Buckingham Palace announced today, September 8, that Her Majesty had died peacefully this afternoon at Balmoral, in Scotland. Her four children travelled to the castle to see their mother, before the news was shared on social media.
Britain has a new monarch following Queen Elizabeth II’s death: King Charles III.
After seven decades of having the Queen’s head on stamps, coins, and banknotes, Britain’s iconic symbol will now be replaced with another one.
Charles’ photo will replace his mother’s on the money and coins currently in circulation.
This means a new portrait of the King will be commissioned, and millions of pounds worth of new currency will be printed by the Royal Mint and distributed across the country.
The old money and coins featuring the Queen’s image will be phased out.
However, this will take time, meaning Britons are likely to continue seeing Her Majesty’s portrait on their banknotes, stamps, and coins for months to come.
The Bank of England said: “Current banknotes featuring the image of Her Majesty The Queen will continue to be legal tender.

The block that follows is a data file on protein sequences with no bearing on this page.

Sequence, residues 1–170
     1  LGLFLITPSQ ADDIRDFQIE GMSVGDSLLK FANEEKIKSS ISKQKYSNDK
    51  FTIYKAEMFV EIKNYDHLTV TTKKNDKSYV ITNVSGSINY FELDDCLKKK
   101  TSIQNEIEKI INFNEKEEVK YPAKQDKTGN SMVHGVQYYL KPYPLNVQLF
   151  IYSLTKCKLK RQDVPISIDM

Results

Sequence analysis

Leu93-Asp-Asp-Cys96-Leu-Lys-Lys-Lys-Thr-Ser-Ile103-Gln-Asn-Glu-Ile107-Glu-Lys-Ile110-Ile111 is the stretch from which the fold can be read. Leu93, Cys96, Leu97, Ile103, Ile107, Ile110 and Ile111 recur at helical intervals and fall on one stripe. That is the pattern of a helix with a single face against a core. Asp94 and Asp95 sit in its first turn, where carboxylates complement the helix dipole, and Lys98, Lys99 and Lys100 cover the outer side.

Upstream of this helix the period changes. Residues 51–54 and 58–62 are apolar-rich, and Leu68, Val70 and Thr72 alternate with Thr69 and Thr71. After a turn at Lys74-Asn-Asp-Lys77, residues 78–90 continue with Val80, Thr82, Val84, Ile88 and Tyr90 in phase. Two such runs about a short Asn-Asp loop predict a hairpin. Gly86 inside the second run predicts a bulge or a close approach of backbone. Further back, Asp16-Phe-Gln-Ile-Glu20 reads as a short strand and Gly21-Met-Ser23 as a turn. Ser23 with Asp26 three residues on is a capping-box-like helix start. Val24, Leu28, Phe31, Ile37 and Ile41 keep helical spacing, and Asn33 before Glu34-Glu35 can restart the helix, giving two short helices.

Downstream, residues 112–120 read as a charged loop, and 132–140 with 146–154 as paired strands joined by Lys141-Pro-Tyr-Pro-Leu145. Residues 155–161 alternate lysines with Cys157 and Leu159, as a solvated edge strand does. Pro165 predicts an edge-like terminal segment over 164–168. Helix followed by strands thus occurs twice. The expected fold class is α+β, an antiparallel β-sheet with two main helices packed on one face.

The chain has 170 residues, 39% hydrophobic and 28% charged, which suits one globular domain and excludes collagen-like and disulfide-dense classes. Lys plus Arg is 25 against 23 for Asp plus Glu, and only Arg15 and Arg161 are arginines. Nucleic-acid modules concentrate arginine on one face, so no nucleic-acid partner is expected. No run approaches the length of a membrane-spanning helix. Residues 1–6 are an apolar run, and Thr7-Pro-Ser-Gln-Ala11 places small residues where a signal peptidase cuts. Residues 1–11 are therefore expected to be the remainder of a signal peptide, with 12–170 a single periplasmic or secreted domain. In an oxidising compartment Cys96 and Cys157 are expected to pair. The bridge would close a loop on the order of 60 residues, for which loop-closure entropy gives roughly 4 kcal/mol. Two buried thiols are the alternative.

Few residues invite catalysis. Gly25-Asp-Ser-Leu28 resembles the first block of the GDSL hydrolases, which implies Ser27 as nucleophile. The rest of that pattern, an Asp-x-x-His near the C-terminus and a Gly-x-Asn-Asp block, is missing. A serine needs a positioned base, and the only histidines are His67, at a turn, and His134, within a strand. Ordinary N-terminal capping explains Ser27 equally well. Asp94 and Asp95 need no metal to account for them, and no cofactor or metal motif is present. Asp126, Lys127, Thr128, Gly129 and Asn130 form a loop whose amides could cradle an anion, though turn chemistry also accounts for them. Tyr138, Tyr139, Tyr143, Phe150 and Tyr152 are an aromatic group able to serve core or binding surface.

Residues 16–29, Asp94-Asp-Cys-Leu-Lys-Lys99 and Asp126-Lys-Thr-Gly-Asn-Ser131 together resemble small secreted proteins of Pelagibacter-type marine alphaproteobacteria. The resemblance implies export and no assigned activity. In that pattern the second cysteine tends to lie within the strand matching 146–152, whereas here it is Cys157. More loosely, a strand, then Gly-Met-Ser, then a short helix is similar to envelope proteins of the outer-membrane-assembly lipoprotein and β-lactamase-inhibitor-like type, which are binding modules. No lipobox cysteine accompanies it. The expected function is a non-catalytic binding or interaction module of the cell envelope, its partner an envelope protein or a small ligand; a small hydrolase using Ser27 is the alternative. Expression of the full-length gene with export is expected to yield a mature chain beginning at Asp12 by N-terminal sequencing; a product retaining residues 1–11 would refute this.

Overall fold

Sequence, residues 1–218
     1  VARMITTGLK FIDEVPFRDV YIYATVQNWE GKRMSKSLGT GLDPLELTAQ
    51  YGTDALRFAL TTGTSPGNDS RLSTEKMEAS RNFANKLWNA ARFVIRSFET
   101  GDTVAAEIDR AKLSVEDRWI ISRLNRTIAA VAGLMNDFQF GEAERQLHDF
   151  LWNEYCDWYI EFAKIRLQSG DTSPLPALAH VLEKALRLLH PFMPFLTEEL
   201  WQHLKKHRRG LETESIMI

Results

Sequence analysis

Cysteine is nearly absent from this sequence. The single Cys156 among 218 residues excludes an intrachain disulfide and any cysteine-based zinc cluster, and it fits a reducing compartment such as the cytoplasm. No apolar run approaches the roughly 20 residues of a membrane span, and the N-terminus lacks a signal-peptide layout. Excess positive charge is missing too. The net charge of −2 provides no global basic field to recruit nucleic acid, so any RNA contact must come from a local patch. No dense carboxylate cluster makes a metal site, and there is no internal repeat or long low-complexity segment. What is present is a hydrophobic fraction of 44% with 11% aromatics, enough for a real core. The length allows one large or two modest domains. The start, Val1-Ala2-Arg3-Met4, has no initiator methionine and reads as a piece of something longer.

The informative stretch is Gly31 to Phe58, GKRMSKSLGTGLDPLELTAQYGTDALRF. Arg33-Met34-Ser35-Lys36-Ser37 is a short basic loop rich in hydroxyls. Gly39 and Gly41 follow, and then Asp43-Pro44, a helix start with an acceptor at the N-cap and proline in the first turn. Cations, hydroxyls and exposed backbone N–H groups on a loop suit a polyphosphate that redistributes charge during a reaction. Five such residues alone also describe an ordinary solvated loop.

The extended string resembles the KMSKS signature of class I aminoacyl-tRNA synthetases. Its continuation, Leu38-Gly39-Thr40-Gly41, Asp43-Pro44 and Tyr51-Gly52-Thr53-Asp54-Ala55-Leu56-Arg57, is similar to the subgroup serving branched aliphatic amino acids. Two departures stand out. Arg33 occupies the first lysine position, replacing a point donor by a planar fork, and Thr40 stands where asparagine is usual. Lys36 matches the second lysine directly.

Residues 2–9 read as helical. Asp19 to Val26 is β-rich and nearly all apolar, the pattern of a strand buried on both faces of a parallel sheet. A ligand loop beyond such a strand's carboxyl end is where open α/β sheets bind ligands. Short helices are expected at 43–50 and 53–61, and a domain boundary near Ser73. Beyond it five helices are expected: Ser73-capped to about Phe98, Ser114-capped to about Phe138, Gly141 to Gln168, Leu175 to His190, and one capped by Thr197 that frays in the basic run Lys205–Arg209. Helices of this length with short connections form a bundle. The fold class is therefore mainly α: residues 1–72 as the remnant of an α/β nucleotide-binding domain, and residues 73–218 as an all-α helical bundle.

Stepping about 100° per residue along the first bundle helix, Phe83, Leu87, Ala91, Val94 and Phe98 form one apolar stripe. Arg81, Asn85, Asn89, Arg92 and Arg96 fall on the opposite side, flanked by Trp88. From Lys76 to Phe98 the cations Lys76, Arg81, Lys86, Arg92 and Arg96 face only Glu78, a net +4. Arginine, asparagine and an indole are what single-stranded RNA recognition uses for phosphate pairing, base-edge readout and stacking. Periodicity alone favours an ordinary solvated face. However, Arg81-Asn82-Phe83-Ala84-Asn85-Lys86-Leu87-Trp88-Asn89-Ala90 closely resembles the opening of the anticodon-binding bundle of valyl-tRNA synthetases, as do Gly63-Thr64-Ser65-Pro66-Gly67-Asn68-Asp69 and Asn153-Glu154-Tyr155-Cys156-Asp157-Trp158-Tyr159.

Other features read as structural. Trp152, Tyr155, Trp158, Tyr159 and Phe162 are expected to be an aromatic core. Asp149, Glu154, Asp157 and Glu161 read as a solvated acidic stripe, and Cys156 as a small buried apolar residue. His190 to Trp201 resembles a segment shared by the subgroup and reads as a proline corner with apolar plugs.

“A further announcement regarding existing Bank of England banknotes will be made once the period of mourning has been observed.”
But the British pound won’t be the only currency affected by the Queen’s death.
The Queen’s image features on the currency of 35 countries across the globe, according to the Guiness World Records. This is more than any other monarch.
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As for the British national anthem, the words will be updated to “God save our gracious King”, instead of “God save our gracious Queen”.
But it may take time before large crowds sing the new version with confidence.
The anthem has been in use since 1745, when it included the words: “God save great George our king, Long live our noble king, God save the king.”
The royal arms is another royal icon that could be changed. Currently, the familiar coat of arms features a lion and a unicorn rampant against a shield.
Used widely on Government premises and stationery, any change would be costly, but the symbol does not represent Wales.
King Charles may, therefore, desire to update the coat of arms with a symbol to represent the Welsh nation, such as a dragon.